Western League
Yeovil v Exeter City Reserves

The Reserves, with Pollard at centre-forward, drew their Western League match at Yeovil 3-3. Pollard, Cameron and Hutchings scored for Exeter.

Wednesday, May 1st 1929.


On Wednesday evening Exeter City sent their strongest eleven to Trowbridge to defend their title as holders of the Allen Palmer Cup, which they won last year by defeating Bristol Rovers. Their opponents were Wolverhampton Wanderers, who came on the invitation of the Trowbridge Town club. The attendance at the ground was about 2,600 and the takings £130. After the match the players and officials of both teams were entertained to dinner at the "George" Hotel, where various speeches were made, and a musical entertainment provided.

The teams, who were competing for the Cup and gold medals, were: -

Exeter City:- Holland; Lowton and Miller; Sheffield, Pool, and Dennington; Purcell, Clarke, Hick, Doncaster, and Death.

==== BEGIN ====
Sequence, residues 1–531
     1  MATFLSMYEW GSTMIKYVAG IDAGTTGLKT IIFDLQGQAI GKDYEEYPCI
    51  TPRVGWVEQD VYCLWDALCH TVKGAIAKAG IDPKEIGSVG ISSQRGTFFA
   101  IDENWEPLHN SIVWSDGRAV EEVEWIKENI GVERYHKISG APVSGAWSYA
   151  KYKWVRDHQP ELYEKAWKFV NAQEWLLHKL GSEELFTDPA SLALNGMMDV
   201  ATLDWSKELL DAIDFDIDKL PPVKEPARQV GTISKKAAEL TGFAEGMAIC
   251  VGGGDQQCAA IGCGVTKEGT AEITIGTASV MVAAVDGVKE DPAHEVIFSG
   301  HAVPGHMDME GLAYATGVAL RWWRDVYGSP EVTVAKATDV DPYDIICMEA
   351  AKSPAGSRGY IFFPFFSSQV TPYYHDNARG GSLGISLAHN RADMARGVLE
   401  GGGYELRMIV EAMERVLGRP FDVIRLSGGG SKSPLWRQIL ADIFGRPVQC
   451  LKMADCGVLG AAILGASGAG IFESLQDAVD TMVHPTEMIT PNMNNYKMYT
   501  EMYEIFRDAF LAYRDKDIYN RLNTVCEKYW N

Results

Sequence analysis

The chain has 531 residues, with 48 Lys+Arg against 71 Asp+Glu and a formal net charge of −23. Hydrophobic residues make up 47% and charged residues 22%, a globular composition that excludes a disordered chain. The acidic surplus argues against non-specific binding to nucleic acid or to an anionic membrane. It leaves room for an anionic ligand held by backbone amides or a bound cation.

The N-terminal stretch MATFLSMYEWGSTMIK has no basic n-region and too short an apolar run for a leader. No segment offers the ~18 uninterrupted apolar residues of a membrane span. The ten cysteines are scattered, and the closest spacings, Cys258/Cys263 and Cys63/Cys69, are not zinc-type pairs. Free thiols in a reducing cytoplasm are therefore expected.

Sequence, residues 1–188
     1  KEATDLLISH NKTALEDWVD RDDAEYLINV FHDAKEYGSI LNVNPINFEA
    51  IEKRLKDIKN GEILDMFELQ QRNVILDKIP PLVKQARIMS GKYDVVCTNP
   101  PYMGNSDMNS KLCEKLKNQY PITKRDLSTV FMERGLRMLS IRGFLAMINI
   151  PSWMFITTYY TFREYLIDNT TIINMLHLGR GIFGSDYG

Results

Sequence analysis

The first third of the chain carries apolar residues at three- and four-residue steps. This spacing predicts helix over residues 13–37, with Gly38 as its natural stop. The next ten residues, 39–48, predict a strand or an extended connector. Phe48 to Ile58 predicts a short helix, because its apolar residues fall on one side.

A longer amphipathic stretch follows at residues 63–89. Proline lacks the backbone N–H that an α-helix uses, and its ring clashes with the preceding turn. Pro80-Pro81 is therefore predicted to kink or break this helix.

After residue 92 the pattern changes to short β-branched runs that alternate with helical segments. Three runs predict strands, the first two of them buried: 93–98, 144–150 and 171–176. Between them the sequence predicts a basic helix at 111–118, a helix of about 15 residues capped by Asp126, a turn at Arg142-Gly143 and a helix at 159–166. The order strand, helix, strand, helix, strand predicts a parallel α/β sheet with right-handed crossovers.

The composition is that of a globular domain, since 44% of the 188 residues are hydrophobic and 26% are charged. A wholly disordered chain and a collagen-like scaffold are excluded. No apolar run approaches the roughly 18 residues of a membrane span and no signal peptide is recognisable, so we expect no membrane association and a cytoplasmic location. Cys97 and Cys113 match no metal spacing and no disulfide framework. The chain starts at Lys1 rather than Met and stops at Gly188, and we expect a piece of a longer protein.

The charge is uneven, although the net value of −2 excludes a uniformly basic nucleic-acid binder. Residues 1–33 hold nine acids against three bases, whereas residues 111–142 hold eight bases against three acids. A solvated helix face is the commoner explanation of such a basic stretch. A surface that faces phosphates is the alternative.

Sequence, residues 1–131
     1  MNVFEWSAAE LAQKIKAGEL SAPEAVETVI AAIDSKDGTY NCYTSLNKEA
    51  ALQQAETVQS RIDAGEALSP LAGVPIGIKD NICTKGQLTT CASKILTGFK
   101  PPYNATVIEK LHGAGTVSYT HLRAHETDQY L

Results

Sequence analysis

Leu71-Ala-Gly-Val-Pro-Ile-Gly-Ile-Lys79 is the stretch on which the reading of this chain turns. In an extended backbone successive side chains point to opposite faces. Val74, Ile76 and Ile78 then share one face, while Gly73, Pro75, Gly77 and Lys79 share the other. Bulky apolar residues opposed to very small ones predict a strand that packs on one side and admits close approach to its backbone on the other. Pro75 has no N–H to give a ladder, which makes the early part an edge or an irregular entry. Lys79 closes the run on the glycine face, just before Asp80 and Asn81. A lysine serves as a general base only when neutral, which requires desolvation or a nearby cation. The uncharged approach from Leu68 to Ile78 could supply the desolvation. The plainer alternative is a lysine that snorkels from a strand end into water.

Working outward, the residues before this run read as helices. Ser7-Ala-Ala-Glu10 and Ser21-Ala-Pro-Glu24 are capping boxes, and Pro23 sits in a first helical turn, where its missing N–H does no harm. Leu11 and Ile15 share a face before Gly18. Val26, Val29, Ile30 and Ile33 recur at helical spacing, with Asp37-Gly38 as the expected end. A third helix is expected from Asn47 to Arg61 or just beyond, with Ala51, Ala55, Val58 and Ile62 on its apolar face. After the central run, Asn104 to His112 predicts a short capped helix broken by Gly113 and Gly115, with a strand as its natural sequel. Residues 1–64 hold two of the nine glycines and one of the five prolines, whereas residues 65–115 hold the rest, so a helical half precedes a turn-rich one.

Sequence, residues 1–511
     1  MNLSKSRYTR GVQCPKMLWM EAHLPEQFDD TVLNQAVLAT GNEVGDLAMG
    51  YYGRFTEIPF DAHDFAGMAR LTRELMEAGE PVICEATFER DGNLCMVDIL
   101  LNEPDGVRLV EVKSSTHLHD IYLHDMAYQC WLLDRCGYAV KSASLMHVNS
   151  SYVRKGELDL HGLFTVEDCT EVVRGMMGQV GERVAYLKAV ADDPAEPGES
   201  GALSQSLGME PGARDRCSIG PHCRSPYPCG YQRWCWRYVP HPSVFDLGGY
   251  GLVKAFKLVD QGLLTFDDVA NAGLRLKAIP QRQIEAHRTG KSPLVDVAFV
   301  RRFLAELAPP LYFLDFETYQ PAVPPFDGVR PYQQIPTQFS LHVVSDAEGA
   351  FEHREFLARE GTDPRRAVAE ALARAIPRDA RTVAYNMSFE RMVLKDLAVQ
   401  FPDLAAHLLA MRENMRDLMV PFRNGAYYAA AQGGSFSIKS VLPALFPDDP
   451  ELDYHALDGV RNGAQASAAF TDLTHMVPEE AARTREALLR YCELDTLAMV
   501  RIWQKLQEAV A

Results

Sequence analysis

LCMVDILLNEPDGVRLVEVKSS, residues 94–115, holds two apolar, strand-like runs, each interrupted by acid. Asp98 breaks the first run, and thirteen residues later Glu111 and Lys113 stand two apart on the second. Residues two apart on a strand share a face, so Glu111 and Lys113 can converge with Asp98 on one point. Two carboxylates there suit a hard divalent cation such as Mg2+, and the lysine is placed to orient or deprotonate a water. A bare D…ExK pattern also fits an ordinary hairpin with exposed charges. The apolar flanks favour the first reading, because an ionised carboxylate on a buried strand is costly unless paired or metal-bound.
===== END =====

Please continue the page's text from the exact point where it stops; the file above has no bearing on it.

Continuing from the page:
The Wolves: Tootill; Williams and Shaw; Brown, Hollingworth, and Kay; Bartley, Marshall, Johnson, Green, and Hetherington.

Referee:- Mr F.J.Lowe, of Bristol.

Doncaster, the smallest and quickest player on the field, was given a nice pass by Purcell after 25 minutes, and raced on to beat Tootill with a sharp drive for the opening goal. Purcell then got away on the wing and centred to the goalmouth, where Tootill failed to check its progress. Doncaster was on hand to breast the ball into the empty net. Just on half-time Marshall was charged off the ball by Lowton in the Exeter penalty area and Green scored from the spot kick. The Wanderers had not appeared to be "all out" in the first half, but after the interval they speeded up their play, and eventually Marshall scored with a lightning drive that gave Holland no chance. In the closing stages Hick shot wide for Exeter, and the Wolves raced through to the other end, where He the rington scored the most spectacular goal of the match with a beautiful left foot shot from twenty yards. The Cup was presented to Kay, the Wolves' captain, by Lady Palmer, and each player received a gold medal.